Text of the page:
Zombies Run is an app that you download on your phone and use as you walk or run. The app uses story-based gaming to immerse the runner into a post-apocalyptic world where you are being chased by zombies. You open the app, put your head phones on and press “Run.” While you are running, you hear soundtrack, a story, and instructions through radio contact. There are 23 missions that you fulfill to find the truth, evade the zombies, and help the human race. The game tracks your movement and speed, and rewards your behavior by providing more story, removing zombies, and giving you “supplies” to build your base. This app will provide motivation to do what it was meant to do: get your body moving!  (What else would you do if you were being chased by zombies?)

FitbitIf you haven’t already purchased a Fitbit, this may be the year to do so. They have worked out the kinks and now have many versions of this Activity Tracker. The Fitbit is a wristband that tracks your activity (and sleep) and displays your progress on the wristband. When you meet your activity goal (e.g. 10,000 steps), the wristband lights up and vibrates. You can also compete with friends and earn badges through an optional gaming component.

Improve your PostureLumo is a device that is clipped onto your shirt that tracks your posture and activity. During the day, it provides reminders through gentle vibrations to lift your body and head when it senses your body slouching. It also syncs to an app that provides monitoring on your progress and personal goals.

Save and Invest MoneyAcorns decreases the response effort that is usually needed for investing by taking the small change from daily purchases and investing it into “Smart Portfolios”. The app links to your bank account and when you make a small purchase (e.g. coffee for $.5.75) it takes the small change ($0.25) and puts it into your portfolio. Overtime the small change adds up and allows those without a big chunk of money and investment knowledge to start building a nest egg.

Have you used any of these technologies in a behavior change plan for yourself? What do you think of these technologies? What other behavior change technologies are out there that you like?  Let us know in the comments below, and be sure to subscribe to bSci21 via email to receive the latest articles directly to your inbox!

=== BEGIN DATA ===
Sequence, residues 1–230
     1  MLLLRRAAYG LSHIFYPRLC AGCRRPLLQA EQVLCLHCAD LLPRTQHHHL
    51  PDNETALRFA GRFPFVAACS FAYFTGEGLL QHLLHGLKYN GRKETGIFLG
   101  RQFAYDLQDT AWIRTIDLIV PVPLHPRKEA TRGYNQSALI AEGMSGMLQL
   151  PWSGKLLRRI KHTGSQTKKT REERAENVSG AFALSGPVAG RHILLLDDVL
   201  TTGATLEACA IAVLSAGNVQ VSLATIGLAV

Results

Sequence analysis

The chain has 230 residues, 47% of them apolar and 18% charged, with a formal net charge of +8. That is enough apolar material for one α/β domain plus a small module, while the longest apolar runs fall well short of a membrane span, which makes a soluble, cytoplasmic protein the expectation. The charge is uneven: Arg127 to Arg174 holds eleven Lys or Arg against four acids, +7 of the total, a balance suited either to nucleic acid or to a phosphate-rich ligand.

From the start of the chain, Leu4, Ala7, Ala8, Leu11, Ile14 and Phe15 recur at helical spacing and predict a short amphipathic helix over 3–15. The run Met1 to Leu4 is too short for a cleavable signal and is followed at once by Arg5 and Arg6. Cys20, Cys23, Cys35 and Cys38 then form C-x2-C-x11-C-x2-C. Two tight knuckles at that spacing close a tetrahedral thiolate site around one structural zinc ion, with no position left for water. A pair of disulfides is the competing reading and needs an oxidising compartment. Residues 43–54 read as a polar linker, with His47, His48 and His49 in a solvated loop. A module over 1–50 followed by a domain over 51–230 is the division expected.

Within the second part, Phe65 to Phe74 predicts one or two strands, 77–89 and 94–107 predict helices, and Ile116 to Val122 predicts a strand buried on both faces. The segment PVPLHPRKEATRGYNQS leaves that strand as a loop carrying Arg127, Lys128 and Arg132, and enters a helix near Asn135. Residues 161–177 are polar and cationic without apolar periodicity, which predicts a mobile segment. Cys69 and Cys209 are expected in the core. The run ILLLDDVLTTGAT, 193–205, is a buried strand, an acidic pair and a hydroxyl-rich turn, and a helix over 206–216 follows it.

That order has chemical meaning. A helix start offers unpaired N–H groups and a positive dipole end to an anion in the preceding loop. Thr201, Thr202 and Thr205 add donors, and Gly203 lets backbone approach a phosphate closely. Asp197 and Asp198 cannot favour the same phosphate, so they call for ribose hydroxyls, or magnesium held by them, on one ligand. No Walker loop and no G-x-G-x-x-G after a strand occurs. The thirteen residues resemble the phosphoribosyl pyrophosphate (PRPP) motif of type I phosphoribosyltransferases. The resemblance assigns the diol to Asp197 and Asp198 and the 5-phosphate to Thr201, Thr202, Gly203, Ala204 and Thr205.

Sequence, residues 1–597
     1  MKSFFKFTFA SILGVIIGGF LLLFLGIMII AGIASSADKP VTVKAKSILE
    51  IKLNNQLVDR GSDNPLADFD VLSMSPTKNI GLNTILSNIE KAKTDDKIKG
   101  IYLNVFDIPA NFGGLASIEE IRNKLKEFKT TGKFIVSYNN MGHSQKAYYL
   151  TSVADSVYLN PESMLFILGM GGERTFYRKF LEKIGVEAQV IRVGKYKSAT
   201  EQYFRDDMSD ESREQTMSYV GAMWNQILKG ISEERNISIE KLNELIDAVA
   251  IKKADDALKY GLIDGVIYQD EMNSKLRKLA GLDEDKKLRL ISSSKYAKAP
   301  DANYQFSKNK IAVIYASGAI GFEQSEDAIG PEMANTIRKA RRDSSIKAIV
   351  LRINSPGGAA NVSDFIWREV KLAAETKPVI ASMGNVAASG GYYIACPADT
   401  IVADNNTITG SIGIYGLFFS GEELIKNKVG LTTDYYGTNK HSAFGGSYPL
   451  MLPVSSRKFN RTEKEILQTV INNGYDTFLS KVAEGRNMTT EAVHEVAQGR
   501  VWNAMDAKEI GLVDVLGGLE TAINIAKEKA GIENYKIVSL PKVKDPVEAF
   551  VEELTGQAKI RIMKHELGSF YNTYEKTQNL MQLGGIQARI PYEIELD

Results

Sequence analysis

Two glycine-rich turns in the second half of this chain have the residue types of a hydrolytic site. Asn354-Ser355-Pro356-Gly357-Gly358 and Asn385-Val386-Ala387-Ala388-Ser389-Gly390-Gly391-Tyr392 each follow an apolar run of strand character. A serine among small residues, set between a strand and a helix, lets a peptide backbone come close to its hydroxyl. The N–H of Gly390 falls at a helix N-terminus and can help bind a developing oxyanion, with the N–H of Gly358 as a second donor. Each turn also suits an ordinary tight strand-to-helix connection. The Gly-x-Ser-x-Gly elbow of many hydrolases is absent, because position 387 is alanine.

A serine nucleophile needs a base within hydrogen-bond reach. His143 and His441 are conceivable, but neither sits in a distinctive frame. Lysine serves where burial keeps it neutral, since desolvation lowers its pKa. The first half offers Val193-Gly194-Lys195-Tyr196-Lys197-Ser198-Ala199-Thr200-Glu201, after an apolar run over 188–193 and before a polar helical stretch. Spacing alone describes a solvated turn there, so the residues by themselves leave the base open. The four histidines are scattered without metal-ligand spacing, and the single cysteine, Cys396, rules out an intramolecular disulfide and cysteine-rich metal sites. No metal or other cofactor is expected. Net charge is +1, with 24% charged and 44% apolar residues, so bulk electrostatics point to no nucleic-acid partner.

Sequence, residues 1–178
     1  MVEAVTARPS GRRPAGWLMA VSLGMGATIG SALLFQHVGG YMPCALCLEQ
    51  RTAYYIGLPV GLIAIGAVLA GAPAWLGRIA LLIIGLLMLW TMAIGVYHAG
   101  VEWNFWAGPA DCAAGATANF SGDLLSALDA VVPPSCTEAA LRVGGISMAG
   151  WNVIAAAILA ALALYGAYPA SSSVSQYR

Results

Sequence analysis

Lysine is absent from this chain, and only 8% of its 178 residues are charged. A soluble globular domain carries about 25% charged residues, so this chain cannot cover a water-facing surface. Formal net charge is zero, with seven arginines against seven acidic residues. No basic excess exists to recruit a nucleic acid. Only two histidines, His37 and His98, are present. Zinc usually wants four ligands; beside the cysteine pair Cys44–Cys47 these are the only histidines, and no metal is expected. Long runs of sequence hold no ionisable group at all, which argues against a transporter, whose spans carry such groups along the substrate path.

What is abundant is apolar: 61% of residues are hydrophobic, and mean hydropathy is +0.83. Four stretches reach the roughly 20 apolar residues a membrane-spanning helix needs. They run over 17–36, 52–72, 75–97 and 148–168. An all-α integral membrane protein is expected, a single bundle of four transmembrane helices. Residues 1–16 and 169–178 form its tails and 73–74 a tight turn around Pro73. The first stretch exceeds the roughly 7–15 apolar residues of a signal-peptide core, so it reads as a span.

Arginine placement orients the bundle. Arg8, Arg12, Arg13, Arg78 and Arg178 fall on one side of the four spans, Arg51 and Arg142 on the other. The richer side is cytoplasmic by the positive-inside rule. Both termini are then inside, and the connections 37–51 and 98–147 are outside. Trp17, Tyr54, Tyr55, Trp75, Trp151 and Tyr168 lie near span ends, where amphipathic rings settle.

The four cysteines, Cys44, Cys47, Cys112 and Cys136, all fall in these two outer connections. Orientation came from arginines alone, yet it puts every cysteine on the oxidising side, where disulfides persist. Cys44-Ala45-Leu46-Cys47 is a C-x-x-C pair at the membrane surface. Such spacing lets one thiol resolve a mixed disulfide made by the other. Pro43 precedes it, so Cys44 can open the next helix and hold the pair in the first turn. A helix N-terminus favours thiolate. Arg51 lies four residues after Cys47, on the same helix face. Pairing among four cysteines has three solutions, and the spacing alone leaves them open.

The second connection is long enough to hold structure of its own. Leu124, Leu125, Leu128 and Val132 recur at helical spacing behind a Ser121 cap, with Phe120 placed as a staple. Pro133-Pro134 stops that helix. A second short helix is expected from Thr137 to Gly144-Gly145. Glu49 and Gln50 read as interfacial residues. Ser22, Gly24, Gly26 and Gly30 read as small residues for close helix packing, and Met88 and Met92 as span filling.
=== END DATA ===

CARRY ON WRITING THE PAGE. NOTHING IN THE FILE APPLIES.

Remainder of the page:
Emaley-McCulloch2Emaley McCulloch, M.Ed, BCBA co-founded Autism Training Solutions, LLC in  2008, and is currently the Vice President of Relias Institute at Relias Learning. Relias Learning is the premier provider of online health care training for Health and Human Services, Senior Care and Public Safety. Emaley is a Board Certified Behavior Analyst and holds an MA in Special Education. She has served in the field of ABA for over 18 years and has provided and overseen services to individuals between the ages of 18 months to 24 years in homes, schools and clinical settings. For eight years she served as a consultant and supervisor at agencies based in Hawaii and Japan where she trained groups of professionals and parents. Emaley’s passion is elearning, staff training, dissemination of evidenced-based interventions, research, film and videography and using technology in the field of behavior analysis and special education.  You can contact her at [email protected].


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  1. These technologies don’t really “use” behavioral science. They just happen to involve them. The developers did not explicitly say “we designed this using shaping based on X research.”

    This is pretty close to what some might call “projecting.”